Recently I created my blog’s most important page: the About page. Besides the home page, your About page is probably the most visited page on your blog.
Chris Brogan has hard proof of the About page’s popularity. And it makes sense. It’s natural for readers to want to know more about the person writing the content they’re reading.
Used properly, your About page can be a powerful tool for engaging first-time visitors and convincing them to further explore your blog.
To understand the role of your blog’s About page, think of it like a resume’s cover letter. A cover letter’s job is to convince a prospective employer to look at your resume by highlighting your background, skills, and how you can help the employer. The cover letter should also tell the employer what to do (email or phone call) if they’re interested in you.
Keeping that analogy in mind, here’s a basic outline for building your About page.
The structure of the About page
My About page has three elements:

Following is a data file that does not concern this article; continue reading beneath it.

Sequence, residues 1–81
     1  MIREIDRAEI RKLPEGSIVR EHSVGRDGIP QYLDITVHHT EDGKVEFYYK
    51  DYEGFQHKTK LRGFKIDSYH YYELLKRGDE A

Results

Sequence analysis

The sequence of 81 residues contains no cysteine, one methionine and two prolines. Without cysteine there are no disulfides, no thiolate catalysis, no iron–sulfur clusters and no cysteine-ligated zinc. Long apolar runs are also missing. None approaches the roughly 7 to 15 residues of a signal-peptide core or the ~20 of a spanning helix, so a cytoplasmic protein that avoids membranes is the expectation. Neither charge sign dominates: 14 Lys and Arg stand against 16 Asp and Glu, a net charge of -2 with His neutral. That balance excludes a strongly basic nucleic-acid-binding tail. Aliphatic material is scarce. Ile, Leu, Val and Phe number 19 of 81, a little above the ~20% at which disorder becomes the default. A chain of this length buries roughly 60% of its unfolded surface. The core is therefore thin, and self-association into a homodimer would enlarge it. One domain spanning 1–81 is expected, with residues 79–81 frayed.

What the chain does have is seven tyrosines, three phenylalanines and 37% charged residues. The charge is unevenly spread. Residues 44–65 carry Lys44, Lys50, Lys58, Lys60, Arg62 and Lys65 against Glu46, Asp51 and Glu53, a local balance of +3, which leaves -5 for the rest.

- Reader benefits
- Call to action
The main goal of the introduction is to connect with your readers. If you hook them with your story or angle, they’re more likely to come back to your blog. Adding a photo will help add to the feeling that your readers “know” you.
For my introduction, I reused much of my first post, which recounts my motivation for starting The Hobby Blogger.
The second element of my About page lets readers know what’s in it for them. I want to give them reasons to keep reading the blog.
I tell them who my target audience is (newbie bloggers with limited time), and how I’m going to help them build their blogs.
Call to action
If readers reach the end of the page, they have to decide what to do next. So, give them something to do.
In my case, I ask them to subscribe to the blog’s RSS feed so they’ll automatically get updates. You could also give your readers links to the most popular or recent articles that you’ve written.
A living document
Once posted, your About page should not statically sit and collect dust for the next five years. It should evolve along with your blog.
For example, when I enable email subscriptions, I’ll add the subscription form to the bottom of the About page. If the blog’s focus or target audience changes, I’ll edit the About page to reflect those changes.
If your About page is significantly out of date or inconsistent with your recent posts, it might confuse new visitors and prevent them from returning to your blog. Review your About page every three months or so, and decide if any changes are needed.
Just like a cover letter, make sure your About page puts your best foot forward. It’s the best way to convince your readers to revisit your blog.
How about you? What’s on your About page?